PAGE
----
The whole city is burning up during the hottest summer on record. Tempers flare, irrational feelings erupt and the impossible becomes possible. And in every corner of the city, love explodes like fireworks.
A story about 2 detectives from 2 different countries investigating the same case. As their investigation brings them closer to the truth, they found out something else. What can it be, and what is the truth that lies within?
In 1905, revolutionist Sun Yat-Sen visits Hong Kong to discuss plans with Tongmenghui members to overthrow the Qing dynasty. But when they find out that assassins have been sent to kill him, they assemble a group of protectors to prevent any attacks.
On a dark Mongkok night, May, the cousin of Dai Tin-Yee, was gang-raped to death by Med King and his men. The furious Tin-Yee, together with his buddies, Chan Ho Nam, Chicken, Pou-Pan ... See full summary »
This film had the honour of being the sole World Premiere screening amongst the gala red carpet presentations at the inaugural Screen Singapore film event held earlier this month since Larry Crowne only bestowed the Asia Pacific premiere (although I'm quite certain it's a first public screening anywhere in the world) for the event, with Hong Kong's prolific writer- director-producer and occasional actor Wong Jing in attendance together with leading cast member Nick Cheung here in Singapore to grace the event. Like all Wong Jing's movies, always approach them with tapered expectations, as he is responsible for a spectrum of films, some well received, while others not so.
Taking on writing and directing responsibilities for Treasure Inn, Wong contributes to an ever growing resurgence of martial arts films in the Pan Chinese territories, and like most China co-productions, have cast members from China and Hong Kong in an ensemble of light caricatures with very defined alliances of a tussle between the forces of good and evil that's set to appeal to the Chinese film market, which of course also shows its ever growing importance in terms of potential box office revenues. And in some ways you can tell the story also got watered down a little in terms of the usual signature Wong Jing bawdy style of storytelling.
The story follows two lowly police friends Kung (Nicholas Tse) and Brad (Nick Cheung) who find themselves embroiled in a thick conspiracy involving a priceless Goddess of Mercy jade statue, a bunch of armed bandits who have engaged the services of some of the deadliest assassins in the country, coupled with an elite troop of investigators led by Captain Iron (Kenny Ho), all of whom seem to be converging to the titular inn where smugglers and general treasure seekers alike congregate for that infrequent trading meet. What more, the duo have to contend with farcical romance in the form of Water Dragon Girl (Charlene Choi) and Fire Dragon Girl (Huang Yi), and form alliances with the likes of a civilized doctor (Tong Da Wei) who is quite the skilled pugilist himself as he holds a torch for the titular inn's owner Ling Long (Liu Yang), who in turn forms a kind of loose love triangle with Kung.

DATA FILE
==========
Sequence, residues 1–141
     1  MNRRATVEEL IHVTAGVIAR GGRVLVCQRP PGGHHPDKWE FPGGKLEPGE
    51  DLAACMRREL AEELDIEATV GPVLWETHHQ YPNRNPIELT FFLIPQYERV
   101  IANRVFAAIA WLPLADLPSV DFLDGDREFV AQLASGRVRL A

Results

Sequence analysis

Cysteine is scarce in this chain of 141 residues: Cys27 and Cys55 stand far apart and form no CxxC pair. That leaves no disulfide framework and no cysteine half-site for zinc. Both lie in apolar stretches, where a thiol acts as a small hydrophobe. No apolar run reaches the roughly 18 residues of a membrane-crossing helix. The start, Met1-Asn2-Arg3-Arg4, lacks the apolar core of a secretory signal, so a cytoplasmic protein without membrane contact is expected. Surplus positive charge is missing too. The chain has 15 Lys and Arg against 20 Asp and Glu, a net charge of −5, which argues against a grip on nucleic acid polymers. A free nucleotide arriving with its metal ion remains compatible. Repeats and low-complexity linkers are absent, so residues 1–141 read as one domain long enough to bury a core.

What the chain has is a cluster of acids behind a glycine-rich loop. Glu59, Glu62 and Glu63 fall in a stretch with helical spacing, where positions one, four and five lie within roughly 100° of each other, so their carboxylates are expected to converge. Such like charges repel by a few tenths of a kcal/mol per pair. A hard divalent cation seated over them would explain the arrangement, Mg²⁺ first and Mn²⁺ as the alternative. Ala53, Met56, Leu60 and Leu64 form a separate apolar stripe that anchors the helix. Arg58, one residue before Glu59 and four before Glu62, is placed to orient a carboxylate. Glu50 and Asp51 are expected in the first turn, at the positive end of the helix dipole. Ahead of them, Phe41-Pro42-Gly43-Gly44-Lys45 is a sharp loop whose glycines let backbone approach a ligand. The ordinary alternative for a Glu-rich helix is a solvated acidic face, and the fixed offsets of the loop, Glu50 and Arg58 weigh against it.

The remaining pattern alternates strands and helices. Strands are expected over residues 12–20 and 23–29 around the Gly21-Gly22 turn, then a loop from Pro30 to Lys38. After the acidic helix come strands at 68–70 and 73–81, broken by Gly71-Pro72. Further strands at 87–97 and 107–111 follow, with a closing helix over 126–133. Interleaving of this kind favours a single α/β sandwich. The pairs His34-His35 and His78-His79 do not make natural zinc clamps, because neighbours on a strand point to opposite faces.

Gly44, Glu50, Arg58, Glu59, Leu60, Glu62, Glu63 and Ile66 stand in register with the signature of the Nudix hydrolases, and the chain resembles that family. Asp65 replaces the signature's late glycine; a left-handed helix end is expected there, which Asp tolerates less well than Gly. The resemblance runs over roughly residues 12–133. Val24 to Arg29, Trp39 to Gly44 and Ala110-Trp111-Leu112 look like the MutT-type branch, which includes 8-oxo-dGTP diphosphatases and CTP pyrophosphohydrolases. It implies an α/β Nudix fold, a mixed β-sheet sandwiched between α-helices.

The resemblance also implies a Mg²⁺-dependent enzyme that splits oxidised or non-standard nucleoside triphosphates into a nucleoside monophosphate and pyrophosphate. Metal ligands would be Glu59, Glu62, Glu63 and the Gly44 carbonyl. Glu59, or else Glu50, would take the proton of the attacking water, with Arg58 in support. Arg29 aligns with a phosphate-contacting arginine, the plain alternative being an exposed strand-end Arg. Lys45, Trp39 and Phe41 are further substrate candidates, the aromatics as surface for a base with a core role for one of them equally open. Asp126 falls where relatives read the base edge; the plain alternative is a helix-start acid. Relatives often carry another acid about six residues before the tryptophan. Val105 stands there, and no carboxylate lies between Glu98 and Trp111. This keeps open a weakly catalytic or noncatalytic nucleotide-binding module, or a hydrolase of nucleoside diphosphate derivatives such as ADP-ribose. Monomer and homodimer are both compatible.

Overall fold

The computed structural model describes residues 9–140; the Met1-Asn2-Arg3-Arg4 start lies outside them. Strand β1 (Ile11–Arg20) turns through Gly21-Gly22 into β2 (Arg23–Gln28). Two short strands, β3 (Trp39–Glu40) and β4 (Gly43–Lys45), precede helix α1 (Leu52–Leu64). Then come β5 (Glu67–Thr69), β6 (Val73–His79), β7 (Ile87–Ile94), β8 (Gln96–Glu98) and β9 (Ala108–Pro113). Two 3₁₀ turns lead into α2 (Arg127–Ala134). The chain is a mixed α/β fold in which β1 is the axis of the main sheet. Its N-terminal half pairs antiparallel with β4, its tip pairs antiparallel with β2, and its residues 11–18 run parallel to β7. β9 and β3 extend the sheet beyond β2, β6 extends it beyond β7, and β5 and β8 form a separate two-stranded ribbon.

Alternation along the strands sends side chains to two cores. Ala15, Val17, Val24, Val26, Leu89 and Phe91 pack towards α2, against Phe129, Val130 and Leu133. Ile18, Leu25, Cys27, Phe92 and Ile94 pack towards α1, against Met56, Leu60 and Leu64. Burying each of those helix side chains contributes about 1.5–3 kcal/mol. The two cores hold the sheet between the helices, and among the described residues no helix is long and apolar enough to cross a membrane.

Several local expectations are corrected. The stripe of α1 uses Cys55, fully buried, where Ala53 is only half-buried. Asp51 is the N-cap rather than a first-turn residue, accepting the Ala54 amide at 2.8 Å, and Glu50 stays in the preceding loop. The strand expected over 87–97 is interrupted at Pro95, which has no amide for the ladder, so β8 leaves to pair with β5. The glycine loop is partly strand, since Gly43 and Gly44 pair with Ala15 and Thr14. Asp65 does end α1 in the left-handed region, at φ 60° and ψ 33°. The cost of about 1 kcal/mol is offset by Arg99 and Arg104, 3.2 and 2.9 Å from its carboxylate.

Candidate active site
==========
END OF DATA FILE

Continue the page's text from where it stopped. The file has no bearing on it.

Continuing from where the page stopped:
It's a typical action adventure with Wong Jing's trademark bawdy jokes at a minimum here, though not lacking in scenarios and one liners to make you laugh, some lame of course. Action gets direction from Corey Yuen, and since this is firmly in the fantastical realm, allows for plenty of wirework as well as CG effects that allows for some juvenile comedic moments of "moleitau" (nonsensical) glory, as well as ambition to make this a special effects extravaganza when skilled pugilists from both sides of the law meet in frequent clashes, with the villains being little more than one-skill wonders.
Weak villains aren't only the drawback here, as the heroes turn out to be a rather rag tag bunch. There was a hint at the lowly constables Kung and Brad turning out to be more than meets the eye, but that unfortunately stayed at just that, being little more than possessing ambition to be amongst the elite constabulary force that they take it upon themselves to get into the thick of the action. In these roles, it is Nick Cheung who shines being given some of the best lines in the film and hiding behind a set of buck teeth, while Nicholas Tse (becoming the centre of attention lately with both Wong Jing and Nick being asked the inevitable questions from the local media) turned out to be rather bland in his role despite very credible fight sequences, and his character's romance with the Water Dragon Girl was fabulously bad and cringe inducing.
Besides the welcome return of Kenny Ho (after a local turnout in Love Cuts), the Chinese actors seemed more comfortable in their roles, especially the duo of Tong Da Wei and Liu Yang, with limited screen time not impacting the more interesting and memorable roles they play, compared to the ones done by the Hong Kong veterans that you'd think there's some slight favoritism being shown. But that said, Treasure Inn still turned out to be little more than a typical, mediocre period action adventure. There are a lot of equivalent, noisy summer pictures out there, that this is only an option if those are sold out.
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